Tim's Reviews > Collapse: How Societies Choose to Fail or Succeed

Collapse by Jared Diamond
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's review
Apr 29, 2012

really liked it
bookshelves: science, history, enviro
Read from February 29 to April 25, 2012

Diamond's previous book Guns Germs and Steel was for me (and lots of other people, I think) a real eye-opener. There were 5 or 6 ideas in that book that I had never even heard mention of before reading, but that seem so elegant and obvious upon reflection. To give just one example, the way the east-west orientation of the Eurasian continent facilitates travel and the spread of crops and ideas, in contrast to the north-south orientations of Africa and the Americas, which hinder that spread. Regardless of whether you fully buy into his overall argument, it was a masterpiece of popular science writing.

Collapse continues that high-level of quality, although the tenor of the work is different. Rather than a collection of diverse ideas supporting one theme, Diamond applies a set of 5 factors to explain the collapses of several ancient civilizations -- Easter Island, Pitcairn/Henderson, the Anasazi, the Classic Period Maya and the Norse in Greenland. This gives the book more of a repetitive feel than Guns, but the romance of ancient civilizations and his beautiful explanations are more than enough to keep you glued to the pages.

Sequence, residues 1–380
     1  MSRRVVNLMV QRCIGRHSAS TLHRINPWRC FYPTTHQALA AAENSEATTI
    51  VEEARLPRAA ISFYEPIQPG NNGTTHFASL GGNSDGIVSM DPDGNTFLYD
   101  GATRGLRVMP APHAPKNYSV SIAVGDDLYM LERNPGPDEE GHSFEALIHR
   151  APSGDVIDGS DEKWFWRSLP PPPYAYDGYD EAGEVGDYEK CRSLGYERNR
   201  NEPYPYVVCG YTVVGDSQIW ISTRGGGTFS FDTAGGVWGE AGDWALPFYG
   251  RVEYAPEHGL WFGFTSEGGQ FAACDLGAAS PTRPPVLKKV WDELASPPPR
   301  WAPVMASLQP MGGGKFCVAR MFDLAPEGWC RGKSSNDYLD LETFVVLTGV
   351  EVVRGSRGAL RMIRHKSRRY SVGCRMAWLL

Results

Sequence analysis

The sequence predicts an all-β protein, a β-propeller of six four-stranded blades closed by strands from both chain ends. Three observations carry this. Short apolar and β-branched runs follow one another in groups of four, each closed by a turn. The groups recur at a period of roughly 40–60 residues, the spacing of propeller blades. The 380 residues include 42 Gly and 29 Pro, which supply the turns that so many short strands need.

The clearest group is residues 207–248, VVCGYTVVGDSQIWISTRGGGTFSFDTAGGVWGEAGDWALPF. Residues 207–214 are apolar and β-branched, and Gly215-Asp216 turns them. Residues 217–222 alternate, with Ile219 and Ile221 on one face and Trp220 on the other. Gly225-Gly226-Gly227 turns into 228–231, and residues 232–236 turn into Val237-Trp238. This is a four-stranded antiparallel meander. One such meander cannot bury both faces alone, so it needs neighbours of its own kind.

The second half of the book addresses collapses in the modern world (Rwanda, Haiti) or current societies that are probably unsustainable (China, Australia). In these sections you can sense that Diamond is a little out of his element. The chapter on China is an especially deadly litany of environmental statistics offered with little real insight into the complexity of that country. He closes the book with a generally interesting discussion of sustainability in the modern world.

Like its predecessor, Collapse is a synthesis of a very large body of scientific work, which naturally means that it is not the last word on any of these topics. He alludes briefly to some of the controversies found within the scientific communities that study these civilizations. The book has also spawned some pushback in the form of a collection of essays -- Questioning Collapse. I don't think it's a big knock on a work of popular writing, but it's important to note that there are other perspectives out there on these complicated questions.
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Comments (showing 1-2 of 2) (2 new)

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Lynda Hi Tim,I really enjoyed the book..Cleary had Jared Diamond for a professor..she loved his lectures

message 2: by Tim (new) - rated it 4 stars

Tim Hi Aunt Lynda! Yeah, I really enjoyed Guns Germs and Steel so I'm looking forward to this also. That's cool Clearly had him as a prof - I can imagine he'd be really interesting...

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